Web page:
“I’ve been on this focus, in terms of my art and creativity, of getting adults to behave like children again,” said Virgil Abloh in a recording played at the opening of his final show for Louis Vuitton. “If they go back into this sense of wonderment, they start to stop using their mind, and they start using their imagination.”
There has been no shortage of tributes to the late designer, who died Sunday at age 41 after privately battling a rare heart cancer for over two years. But perhaps the greatest tribute to Abloh’s legacy was orchestrated by the man himself on Tuesday night, just over two days after his passing, as his Spring-Summer 2022 menswear collection was staged on Miami’s Maritime Marina.
Timed as a preamble to this year’s Art Basel, “Virgil Was Here” was a celebration of the life, career and seemingly boundless imagination of the designer, who helmed both Vuitton’s menswear and his own cult-favorite luxury label, Off-White. Opposite a red, LV-branded hot-air balloon, a massive statue of Abloh, Louis Vuitton box in hand, loomed over the star-studded crowd. In the front row, close friend and longtime collaborator Kanye “Ye” West was flanked on one side by eldest daughter North and soon-to-be-ex-wife Kim Kardashian West, while on the other sat Pharrell. Famously pictured together at Abloh’s first runway presentation for Vuitton in 2018, Rihanna and A$AP Rocky returned to honor Abloh’s final walk, as did Erykah Badu, Luka Sabbat, rappers Lil Baby, 21 Savage and Gunna, producer Metroboomin, Denim Tears designer Tremaine Emory, and many more.
As reported by British Vogue, Louis Vuitton’s CEO Michael Burke opened the event with an emotional speech, explaining:
“The deeply moving show we are about to see is born out of an idea Virgil and I first discussed three years ago. It is based around the traditional coming-of-age narrative, but of course, being Virgil, he spun and re-contextualized the concept for the 21st century, and in doing so expressed his own unique talents and vision. This idea of coming of age was important to Virgil because inspiring and empowering younger generations defined who he was. He used the platform he had to break boundaries, to open doors, to shed light on his creative passions, art, design, music, and of course, fashion, so that everybody could see inside—not only to dream of being part of that world, but to also find ways to make that dream a reality.”
The celebrity guests weren’t only in the front row of Abloh’s final show. Among the models emerging from beneath an ebony structure modeled after a paper plane to walk a runway planted with birch trees were Migos members Quavo and Offset. Kid Cudi, who also performed at the afterparty, matched his hair to the lime green ensemble he wore to walk in the show—which appropriately included a skirt.
Like many of Abloh’s collections for Vuitton, his final one, which largely included designs first seen this June in Paris during Men’s Fashion Week, was full of whimsy, pop culture references and boundary-pushing. That included unexpected mixes of winter accessories and outerwear with warm-weather silhouettes, proving Abloh a man for all seasons.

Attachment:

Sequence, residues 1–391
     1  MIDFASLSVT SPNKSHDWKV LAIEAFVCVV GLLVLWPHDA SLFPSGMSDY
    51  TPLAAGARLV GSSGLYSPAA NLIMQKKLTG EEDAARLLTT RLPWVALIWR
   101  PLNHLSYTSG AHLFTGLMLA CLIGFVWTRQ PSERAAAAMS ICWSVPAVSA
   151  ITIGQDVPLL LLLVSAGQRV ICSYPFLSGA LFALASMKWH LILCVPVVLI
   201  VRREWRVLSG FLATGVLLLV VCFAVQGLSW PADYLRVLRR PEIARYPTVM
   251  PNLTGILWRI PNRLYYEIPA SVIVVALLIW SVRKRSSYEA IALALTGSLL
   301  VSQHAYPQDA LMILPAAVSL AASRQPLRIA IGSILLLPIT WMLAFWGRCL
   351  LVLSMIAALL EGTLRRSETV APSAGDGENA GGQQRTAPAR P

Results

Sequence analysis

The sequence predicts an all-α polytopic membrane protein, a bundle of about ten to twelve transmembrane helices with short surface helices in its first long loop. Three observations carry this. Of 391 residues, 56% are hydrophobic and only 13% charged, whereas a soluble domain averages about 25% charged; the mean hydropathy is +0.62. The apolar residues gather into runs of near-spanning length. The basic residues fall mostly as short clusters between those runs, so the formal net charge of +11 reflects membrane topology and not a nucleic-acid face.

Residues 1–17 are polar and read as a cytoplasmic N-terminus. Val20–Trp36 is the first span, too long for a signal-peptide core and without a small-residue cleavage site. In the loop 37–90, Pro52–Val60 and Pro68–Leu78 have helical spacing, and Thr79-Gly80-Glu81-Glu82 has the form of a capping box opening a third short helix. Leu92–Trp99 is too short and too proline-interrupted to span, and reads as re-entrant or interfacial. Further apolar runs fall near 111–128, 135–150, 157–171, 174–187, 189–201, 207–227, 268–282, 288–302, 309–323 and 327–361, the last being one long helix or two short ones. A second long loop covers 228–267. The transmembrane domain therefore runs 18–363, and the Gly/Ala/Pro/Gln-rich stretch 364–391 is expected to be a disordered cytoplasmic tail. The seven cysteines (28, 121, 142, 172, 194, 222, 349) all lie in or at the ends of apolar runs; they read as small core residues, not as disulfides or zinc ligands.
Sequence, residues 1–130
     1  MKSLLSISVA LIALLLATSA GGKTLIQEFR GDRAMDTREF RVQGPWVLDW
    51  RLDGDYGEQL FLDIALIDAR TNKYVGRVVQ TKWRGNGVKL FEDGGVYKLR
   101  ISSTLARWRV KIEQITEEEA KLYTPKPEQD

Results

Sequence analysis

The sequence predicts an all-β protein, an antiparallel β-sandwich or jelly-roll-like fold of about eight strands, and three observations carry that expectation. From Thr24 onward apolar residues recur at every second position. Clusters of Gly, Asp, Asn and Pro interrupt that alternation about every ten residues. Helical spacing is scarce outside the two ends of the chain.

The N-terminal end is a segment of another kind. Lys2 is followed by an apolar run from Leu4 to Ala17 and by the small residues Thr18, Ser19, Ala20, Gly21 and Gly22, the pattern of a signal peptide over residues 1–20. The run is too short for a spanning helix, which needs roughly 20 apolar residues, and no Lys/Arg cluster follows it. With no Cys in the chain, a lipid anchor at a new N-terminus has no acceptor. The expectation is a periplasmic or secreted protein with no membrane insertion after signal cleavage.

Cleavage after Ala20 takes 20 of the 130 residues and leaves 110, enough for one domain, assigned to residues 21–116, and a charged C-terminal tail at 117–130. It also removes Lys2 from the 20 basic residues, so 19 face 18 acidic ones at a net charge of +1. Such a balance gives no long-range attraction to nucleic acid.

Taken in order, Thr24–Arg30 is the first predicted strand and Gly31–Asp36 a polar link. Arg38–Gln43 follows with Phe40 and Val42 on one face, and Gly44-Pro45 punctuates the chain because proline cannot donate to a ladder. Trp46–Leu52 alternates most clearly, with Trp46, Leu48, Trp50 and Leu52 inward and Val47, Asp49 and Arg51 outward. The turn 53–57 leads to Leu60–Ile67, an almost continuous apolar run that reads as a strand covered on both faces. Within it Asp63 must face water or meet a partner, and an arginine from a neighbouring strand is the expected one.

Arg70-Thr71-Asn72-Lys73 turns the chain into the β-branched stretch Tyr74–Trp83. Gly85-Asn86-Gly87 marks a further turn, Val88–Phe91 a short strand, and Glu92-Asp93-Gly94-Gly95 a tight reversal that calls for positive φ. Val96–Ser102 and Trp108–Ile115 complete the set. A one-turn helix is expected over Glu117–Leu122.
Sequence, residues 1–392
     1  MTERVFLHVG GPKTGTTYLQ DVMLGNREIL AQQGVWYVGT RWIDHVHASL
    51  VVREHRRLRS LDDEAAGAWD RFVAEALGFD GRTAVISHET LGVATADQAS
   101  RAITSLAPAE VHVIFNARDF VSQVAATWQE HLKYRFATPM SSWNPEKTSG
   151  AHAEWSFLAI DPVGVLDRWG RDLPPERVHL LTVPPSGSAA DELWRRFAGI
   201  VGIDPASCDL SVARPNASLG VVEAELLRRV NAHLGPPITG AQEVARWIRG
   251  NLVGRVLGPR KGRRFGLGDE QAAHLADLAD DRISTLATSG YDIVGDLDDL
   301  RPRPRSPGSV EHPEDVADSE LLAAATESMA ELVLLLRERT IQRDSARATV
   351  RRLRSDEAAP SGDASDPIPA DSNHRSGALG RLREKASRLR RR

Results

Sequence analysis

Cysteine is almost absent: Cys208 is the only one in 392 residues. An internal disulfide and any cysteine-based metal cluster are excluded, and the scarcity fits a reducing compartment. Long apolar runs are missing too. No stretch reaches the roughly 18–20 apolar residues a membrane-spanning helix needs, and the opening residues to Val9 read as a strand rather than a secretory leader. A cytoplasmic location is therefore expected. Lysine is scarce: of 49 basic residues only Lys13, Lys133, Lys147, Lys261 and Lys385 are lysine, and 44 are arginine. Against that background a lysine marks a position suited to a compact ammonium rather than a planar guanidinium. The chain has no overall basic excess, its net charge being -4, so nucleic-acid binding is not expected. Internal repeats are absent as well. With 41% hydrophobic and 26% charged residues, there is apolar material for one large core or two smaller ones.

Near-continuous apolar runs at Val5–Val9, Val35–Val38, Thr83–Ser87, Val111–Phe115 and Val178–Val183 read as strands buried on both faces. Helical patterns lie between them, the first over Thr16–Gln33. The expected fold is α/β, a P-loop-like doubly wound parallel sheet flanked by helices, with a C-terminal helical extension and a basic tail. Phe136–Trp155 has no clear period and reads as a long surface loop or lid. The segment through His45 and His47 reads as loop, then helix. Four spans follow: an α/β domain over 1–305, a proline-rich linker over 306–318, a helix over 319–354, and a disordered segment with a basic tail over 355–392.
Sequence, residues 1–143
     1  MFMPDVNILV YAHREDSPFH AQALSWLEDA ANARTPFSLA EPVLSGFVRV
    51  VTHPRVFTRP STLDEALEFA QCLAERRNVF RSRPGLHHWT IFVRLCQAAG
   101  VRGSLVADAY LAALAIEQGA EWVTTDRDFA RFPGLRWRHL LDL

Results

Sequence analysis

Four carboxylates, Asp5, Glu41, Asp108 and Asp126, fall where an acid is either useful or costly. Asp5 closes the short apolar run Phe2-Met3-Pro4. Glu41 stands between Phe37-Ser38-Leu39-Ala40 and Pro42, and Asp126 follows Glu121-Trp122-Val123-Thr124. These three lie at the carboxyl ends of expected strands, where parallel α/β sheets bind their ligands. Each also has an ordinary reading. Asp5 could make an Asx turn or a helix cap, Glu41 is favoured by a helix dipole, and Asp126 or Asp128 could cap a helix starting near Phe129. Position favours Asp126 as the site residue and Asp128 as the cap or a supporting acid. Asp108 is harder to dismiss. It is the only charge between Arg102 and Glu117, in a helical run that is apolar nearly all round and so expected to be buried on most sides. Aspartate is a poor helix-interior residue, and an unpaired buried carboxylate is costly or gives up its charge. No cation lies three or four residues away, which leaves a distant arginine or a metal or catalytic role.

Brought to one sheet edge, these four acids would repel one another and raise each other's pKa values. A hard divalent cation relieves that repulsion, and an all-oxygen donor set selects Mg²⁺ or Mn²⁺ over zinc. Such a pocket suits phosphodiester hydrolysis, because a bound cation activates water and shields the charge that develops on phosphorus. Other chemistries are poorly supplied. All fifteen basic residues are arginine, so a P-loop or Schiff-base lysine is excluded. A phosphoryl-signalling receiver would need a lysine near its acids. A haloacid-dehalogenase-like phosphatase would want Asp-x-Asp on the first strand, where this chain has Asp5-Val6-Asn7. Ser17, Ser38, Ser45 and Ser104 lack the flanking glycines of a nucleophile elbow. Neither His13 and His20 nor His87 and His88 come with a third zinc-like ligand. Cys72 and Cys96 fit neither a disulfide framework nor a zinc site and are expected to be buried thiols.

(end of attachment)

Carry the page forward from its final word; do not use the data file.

“I feel like I’m writing a book with these collections. It’s one continuous logic about diversity and design,” he explained to Vogue at the time. “And it’s now synced up with my true thoughts about culture.
“I’ve started to let my imagination run wild,” he continued. “I try to create the world as I would like to see it in real life. Having something that’s pop culture and fashion, that’s an education and maybe opens minds. To me, that’s the North Star.”
As Vogue notes, Abloh also seemed to wink at the multiple accusations of plagiarism he faced during his too-brief career. Several of this collection’s garments even evoked his own first collection for the house as he sent candy-colored ombré and tie-dyes down the runway alongside Vuitton’s famed Damier checkerboard pattern, a possible nod to that presentation and its prismatic runway.
More from Vogue:
Questioning designers about where their inspirations come from is a typical fashion-editor gambit, while who copied who is the accusatory game of the internet. This time Abloh essentially took that on and checkmated it with his knowledge of Black music’s revolutionary creative methods of sampling: of how hip-hop and jungle evolved into rave through subcultures, countries, and time until the genius of the provenance is all simultaneously embedded, normalized, and erased in the mainstream. That’s where the vast Black cultural global fashion influence of tracksuits and sneakers comes from—uncredited. And it’s where, at the very top of the menswear establishment, it faces off with the in-the-know formalities surrounding the sartorial canon of the suit. “When it comes to the nuance of Black culture and design, how does it show up? How does that become canonized? I stand in a very privileged position to be able to educate on that.”
You can view Virgil Abloh’s final bow at Vuitton for yourself below, but the recorded closing remarks from the designer will be ours, as well:
“There’s no limit. Life is so short that you can’t waste even a day subscribing to what someone thinks you can do, versus knowing what you can do.”
Rest in power, Virgil Abloh. #VirgilWasHere